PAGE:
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Workers’ Compensation Board


  • During the course of the re-engineering, has the Board examined the use of forms, the number of forms, and their format? Are there plans to reduce the number of forms used? Reducing the amount of paper in the system, and therefore the number of forms, is one of the goals of the medical portal project. Release 1 of the portal will enable the electronic submission of medical treatment authorization requests. This should cut down considerably on paper requests such as Optional Prior Approval, Variance, and C-4Auth. As more Board processes are transitioned to the portal, the Board anticipates that the forms and paper used in those processes will be significantly reduced.
  • Will the Board expand the use of electronic forms for medical and employer reporting? Incomplete and illegible forms delay claim processing. Increasing the use of electronic reporting, as well as recommendations to improve the current electronic process for submission of medical reports, will be important considerations when the Board examines how to improve outcomes. Currently the Board accepts the electronic submission of the C-4 family of forms. Authorized health care providers can register for this process. The Board also accepts medical reports in XML format (Extensible Markup Language) via a group of submission partners. Information on both processes can be found through the following links:
  • Has the Board considered the use of existing data standards in the planning and implementation phases of the BPR project? Yes. In fact, the Board already uses two nationally accepted standards: the IAIABC Proof of Coverage standard for policy reporting and the IAIABC Claims standard for submitting First Reports of Injury (FROIs) and Subsequent Reports of Injury (SROIs). The Board is using the knowledge and experience it gained from implementing these two standards to consider how additional relevant standards might be used in other reporting processes.
  • Are disability benefits claims part of this re-engineering effort? Unfortunately, no . While the Board recognizes that disability benefits claims could benefit from modernization efforts, they are not within the scope of this project. For more information on the scope of this effort, please refer to the RFP C140312 - Workers' Compensation System Business Process Re-engineering (BPR) Request for Proposal.
  • How can I become involved with the BPR? A: If you're interested in participating in the BPR, please email your contact information to:
  • Has the Board done outreach to the injured workers as part of the BPR project? The voices of injured workers matter, so the Board’s longest and most concerted outreach was through a survey for workers as well as holding Injured Worker Days in all offices. Injured Worker Survey Results adobe pdf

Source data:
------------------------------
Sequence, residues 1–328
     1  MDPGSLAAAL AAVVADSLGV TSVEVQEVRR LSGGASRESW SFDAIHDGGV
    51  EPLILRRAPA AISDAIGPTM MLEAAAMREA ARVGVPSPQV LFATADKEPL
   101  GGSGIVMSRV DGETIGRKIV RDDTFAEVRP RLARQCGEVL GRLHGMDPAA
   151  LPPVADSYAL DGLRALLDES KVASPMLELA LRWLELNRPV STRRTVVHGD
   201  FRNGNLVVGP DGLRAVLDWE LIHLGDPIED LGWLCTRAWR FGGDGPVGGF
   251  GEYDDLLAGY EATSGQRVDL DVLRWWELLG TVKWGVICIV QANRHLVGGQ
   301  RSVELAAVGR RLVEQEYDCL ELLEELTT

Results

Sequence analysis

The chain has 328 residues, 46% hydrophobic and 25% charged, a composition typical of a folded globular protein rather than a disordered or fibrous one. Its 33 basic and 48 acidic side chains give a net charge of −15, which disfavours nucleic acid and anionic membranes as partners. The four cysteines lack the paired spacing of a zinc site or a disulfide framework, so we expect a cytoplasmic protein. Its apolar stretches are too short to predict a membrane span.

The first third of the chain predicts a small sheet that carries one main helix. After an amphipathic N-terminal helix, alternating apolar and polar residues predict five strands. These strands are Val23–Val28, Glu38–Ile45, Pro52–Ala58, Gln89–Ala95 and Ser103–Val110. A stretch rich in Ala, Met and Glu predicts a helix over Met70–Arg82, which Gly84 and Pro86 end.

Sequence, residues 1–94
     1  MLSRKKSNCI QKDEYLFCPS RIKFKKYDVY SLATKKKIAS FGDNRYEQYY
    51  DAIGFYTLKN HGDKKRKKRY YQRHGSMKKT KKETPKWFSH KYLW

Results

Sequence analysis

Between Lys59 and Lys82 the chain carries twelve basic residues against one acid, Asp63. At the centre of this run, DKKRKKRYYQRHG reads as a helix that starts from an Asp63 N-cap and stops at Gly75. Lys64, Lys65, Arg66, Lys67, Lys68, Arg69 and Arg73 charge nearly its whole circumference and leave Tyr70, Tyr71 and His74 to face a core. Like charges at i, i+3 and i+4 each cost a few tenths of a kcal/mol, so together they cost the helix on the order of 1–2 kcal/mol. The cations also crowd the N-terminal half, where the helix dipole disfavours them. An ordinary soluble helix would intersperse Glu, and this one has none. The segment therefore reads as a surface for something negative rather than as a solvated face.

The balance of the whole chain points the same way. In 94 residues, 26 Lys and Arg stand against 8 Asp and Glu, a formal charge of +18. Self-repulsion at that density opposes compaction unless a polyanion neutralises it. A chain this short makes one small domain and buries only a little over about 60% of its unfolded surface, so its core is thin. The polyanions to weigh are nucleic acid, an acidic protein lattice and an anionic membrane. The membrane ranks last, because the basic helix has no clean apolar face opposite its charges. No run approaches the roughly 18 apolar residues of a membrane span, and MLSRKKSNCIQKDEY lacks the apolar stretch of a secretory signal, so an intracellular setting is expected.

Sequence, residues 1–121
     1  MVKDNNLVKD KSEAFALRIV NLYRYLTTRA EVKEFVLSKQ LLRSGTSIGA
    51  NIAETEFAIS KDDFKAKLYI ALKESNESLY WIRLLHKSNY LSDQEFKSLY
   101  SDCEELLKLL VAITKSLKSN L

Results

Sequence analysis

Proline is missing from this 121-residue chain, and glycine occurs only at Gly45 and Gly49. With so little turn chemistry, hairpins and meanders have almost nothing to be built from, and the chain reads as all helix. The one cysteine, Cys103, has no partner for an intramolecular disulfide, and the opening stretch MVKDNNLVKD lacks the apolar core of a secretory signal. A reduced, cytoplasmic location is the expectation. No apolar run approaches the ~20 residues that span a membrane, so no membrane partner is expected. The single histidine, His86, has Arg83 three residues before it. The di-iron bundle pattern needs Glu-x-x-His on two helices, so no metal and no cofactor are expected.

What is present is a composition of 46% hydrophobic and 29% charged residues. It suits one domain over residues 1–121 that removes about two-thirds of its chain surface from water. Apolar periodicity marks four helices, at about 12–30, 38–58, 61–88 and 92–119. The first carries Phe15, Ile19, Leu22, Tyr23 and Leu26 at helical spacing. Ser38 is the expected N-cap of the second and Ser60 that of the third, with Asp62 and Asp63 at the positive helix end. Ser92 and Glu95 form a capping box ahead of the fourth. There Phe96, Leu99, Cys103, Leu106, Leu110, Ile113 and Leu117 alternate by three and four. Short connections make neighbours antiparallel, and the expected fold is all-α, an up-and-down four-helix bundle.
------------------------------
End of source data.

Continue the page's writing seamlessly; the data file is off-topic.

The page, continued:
• Has the BPR project consider best practices from other states? Yes. During the BPR planning phase especially, the Board actively considered best practices from other states to determine if similar practices would work in New York's system. The Board is also very familiar other states' claims reporting best practices from projects such as eClaims, and will continue to examine how other jurisdictions operate to learn more from their successes.
  • Where can I find the feedback and comments gathered from the Board's outreach efforts? Feedback from the Board's outreach activities is always available on Yes. Feedback such as this is always available on
  • How is the Board addressing technology in the BPR project? The Board is considering technological solutions that make sense for the redesigned processes and are achievable with our available resources. A good example of this is the current initiative of the medical portal. The portal technology addresses a number of important needs in the system, such as reducing paper and taking confusion out of the medical treatment authorization request process.
  • Do the BPR initiatives require legislative changes? Some of the initiatives do require changes to regulations to support their implementation. Since these changes are tied directly to BPR initiatives, they are considered a part of the BPR project. All proposed changes to regulations go through a comment period where stakeholders can offer their feedback. The regulations are then fine-tuned further based on the feedback before going into effect.